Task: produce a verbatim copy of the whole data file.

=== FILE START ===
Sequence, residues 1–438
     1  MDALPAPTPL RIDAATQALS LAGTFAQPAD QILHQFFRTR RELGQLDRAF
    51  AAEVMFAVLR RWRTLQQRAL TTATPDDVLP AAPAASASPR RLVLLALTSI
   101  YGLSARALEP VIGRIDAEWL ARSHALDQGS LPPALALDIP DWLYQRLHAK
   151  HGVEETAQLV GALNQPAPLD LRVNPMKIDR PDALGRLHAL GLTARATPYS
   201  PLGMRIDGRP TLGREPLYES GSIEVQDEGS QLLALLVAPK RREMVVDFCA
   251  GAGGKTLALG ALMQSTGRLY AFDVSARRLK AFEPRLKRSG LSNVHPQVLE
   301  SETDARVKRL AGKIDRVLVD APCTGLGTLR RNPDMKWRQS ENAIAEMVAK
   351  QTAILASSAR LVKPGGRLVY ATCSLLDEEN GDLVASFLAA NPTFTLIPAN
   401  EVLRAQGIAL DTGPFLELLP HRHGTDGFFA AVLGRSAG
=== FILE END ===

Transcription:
Sequence, residues 1–438
     1  MDALPAPTPL RIDAATQALS LAGTFAQPAD QILHQFFRTR RELGQLDRAF
    51  AAEVMFAVLR RWRTLQQRAL TTATPDDVLP AAPAASASPR RLVLLALTSI
   101  YGLSARALEP VIGRIDAEWL ARSHALDQGS LPPALALDIP DWLYQRLHAK
   151  HGVEETAQLV GALNQPAPLD LRVNPMKIDR PDALGRLHAL GLTARATPYS
   201  PLGMRIDGRP TLGREPLYES GSIEVQDEGS QLLALLVAPK RREMVVDFCA
   251  GAGGKTLALG ALMQSTGRLY AFDVSARRLK AFEPRLKRSG LSNVHPQVLE
   301  SETDARVKRL AGKIDRVLVD APCTGLGTLR RNPDMKWRQS ENAIAEMVAK
   351  QTAILASSAR LVKPGGRLVY ATCSLLDEEN GDLVASFLAA NPTFTLIPAN
   401  EVLRAQGIAL DTGPFLELLP HRHGTDGFFA AVLGRSAG